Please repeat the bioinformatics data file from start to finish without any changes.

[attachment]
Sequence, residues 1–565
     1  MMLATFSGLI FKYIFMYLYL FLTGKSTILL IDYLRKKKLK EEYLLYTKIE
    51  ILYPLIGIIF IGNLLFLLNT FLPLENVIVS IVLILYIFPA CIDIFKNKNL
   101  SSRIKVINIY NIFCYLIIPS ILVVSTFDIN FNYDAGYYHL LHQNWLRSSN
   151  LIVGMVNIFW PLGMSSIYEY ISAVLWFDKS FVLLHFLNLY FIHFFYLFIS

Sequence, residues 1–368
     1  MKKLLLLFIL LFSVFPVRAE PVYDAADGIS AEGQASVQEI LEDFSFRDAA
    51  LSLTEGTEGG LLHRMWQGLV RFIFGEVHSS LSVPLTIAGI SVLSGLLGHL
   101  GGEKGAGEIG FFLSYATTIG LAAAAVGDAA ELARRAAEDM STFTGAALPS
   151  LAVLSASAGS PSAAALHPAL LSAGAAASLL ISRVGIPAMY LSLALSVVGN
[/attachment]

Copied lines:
Sequence, residues 1–565
     1  MMLATFSGLI FKYIFMYLYL FLTGKSTILL IDYLRKKKLK EEYLLYTKIE
    51  ILYPLIGIIF IGNLLFLLNT FLPLENVIVS IVLILYIFPA CIDIFKNKNL
   101  SSRIKVINIY NIFCYLIIPS ILVVSTFDIN FNYDAGYYHL LHQNWLRSSN
   151  LIVGMVNIFW PLGMSSIYEY ISAVLWFDKS FVLLHFLNLY FIHFFYLFIS

Sequence, residues 1–368
     1  MKKLLLLFIL LFSVFPVRAE PVYDAADGIS AEGQASVQEI LEDFSFRDAA
    51  LSLTEGTEGG LLHRMWQGLV RFIFGEVHSS LSVPLTIAGI SVLSGLLGHL
   101  GGEKGAGEIG FFLSYATTIG LAAAAVGDAA ELARRAAEDM STFTGAALPS
   151  LAVLSASAGS PSAAALHPAL LSAGAAASLL ISRVGIPAMY LSLALSVVGN